French Bread – Peter Reinhart

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I was craving some crusty French baguettes. This winter has really re-awakened my love of bread lately. I saw Jude’s take on Peter Reinhart’s French bread recipe and thought I’d give it a whirl. I didn’t wind up with as many airy holes, but the flavor was quite pleasant.

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Here’s the pre-ferment dough the morning after a nice and chilly night in the fridge. Jude says this dough is good for up to 3 days in the fridge. I would like to experiment more with it at 24-48 hours of cold fermenting, instead of the 8-10 I gave it.

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I keep my house at “brisk” temperatures, so it took about 2 hours for it to shake off the chilliness of the fridge.

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Then it was time to make the final dough. Same amounts as the night before. Water, bread flour, salt, yeast.

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And then cut up the pre-ferment dough to use!

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Mix it all up and knead until it becomes a smooth ball. Hm, on second glance, this doesn’t look so smooth. Story of my life.

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After another two or so hours the dough doubled in bulk, and I divided the dough into three equal parts, which is what that handy dandy digital scale in the background is for. I actually was very successful in having equally weighted doughs.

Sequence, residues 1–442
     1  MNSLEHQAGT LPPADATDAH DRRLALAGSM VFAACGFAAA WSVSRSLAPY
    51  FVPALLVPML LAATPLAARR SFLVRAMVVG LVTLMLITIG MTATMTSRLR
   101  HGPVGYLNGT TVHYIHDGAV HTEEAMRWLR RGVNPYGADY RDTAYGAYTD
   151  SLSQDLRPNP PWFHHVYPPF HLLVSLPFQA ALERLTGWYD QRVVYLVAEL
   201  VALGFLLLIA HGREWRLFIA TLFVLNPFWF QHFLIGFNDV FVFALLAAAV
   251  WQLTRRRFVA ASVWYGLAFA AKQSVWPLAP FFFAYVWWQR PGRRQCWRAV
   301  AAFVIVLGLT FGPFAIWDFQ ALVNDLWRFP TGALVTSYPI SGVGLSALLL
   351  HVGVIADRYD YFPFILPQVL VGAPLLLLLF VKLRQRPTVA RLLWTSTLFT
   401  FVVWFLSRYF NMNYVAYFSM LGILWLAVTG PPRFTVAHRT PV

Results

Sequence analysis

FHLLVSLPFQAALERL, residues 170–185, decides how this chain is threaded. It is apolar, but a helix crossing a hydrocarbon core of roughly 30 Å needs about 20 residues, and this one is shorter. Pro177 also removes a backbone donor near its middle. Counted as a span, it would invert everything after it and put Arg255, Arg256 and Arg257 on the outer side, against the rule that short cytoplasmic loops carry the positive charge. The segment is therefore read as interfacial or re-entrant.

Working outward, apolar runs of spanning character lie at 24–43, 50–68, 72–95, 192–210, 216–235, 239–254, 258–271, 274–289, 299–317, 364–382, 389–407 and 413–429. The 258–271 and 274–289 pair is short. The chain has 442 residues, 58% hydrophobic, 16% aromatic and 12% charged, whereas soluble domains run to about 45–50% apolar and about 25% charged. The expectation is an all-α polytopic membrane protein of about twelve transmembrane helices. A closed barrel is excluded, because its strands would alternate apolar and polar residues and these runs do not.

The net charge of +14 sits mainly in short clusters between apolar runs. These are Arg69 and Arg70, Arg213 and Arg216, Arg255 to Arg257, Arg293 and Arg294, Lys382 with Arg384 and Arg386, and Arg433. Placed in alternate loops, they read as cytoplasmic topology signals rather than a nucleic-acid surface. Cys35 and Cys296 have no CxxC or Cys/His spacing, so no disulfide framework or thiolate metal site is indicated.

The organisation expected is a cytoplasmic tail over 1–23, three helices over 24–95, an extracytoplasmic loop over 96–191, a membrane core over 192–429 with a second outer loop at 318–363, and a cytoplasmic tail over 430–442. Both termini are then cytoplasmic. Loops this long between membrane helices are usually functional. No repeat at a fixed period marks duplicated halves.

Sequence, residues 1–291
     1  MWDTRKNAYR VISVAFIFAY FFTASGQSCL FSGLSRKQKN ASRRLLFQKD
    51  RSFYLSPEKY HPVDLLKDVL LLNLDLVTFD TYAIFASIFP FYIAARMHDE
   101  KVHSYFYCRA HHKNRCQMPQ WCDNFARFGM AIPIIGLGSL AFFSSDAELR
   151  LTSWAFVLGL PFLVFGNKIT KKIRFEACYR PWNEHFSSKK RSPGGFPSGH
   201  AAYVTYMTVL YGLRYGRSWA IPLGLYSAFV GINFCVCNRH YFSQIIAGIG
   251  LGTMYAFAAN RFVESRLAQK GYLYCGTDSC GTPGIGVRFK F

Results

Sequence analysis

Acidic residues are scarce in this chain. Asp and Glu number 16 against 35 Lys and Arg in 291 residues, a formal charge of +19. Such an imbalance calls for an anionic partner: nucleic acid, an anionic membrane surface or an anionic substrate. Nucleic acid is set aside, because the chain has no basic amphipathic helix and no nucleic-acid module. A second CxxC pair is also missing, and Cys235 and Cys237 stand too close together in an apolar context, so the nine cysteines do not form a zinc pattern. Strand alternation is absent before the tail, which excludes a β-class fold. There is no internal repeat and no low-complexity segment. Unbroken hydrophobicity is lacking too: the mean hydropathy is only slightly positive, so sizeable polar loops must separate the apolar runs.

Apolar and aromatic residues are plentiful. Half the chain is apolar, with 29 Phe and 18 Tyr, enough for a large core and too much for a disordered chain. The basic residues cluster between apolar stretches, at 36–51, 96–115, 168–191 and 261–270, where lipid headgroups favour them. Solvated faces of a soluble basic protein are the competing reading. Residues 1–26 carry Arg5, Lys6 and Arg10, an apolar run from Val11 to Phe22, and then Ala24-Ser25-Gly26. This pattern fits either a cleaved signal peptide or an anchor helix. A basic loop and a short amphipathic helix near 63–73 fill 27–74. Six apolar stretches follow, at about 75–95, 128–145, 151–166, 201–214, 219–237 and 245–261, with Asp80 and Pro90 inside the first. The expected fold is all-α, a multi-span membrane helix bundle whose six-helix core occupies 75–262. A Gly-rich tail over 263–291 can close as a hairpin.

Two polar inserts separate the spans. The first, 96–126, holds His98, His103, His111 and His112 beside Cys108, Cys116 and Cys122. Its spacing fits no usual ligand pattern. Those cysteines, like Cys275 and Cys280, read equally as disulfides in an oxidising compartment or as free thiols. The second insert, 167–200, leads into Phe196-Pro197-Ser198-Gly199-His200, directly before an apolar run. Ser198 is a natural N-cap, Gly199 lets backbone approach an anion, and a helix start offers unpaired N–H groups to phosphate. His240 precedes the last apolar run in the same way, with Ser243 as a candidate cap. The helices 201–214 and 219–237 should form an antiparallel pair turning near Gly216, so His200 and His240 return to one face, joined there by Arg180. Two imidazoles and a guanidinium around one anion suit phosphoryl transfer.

P1030684The shaping. The shaping! These doughs rest seam-side UP before baking.

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I don’t have a cloth to use as a couche, so I used parchment paper for the rise.

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I stuffed tea towels to the sides of the doughs to help give them a proper baguette shape. These rested for a little over an hour, while the oven was heated to 500F.

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The transfer process was a bit delicate – as you can see, my doughs didn’t end up uniformly sized. Oh well, I’ve never been so great at presentation. These went on the back of cookie sheets.

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Slice gashes in the dough to help when it expands in the oven.

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Three baguettes! The top baguette was my favorite in terms of looks. Flavor-wise, they all tasted the same, so no correlation with shape and flavor in this instance. I had my oven set to convection, which evenly cooks everything, but there is a water bath also involved to help steam and brown the exterior of the baguettes. The one on top was put on the bottom shelf initially, while the bottom two were put on the top shelf. I’m impressed to see such variance between these two different levels in my oven! So the next time, I will make sure to put all of my loaves on the rack 2nd from the bottom, just above the bain marie.

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So crackly, and the gashes filled out nicely.

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Less expansion in the gashes that were initially placed on the upper shelf.

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My crumb was a bit tighter than I’d have liked. I used Gold Medal brand bread flour. I’m curious to see how King Arthur flour would fare?

2 comments
  1. Gold Medal flour is much lower-gluten than King Arthur All Purpose, so you’ll probably have a stronger dough that can give you more rise if you use that next time. Also, try making 3-4 cuts lengthwise across the top at about a 20 degree angle.. that also will contribute to oven spring.

    • Ahah! That’s what I get from detracting from the King!

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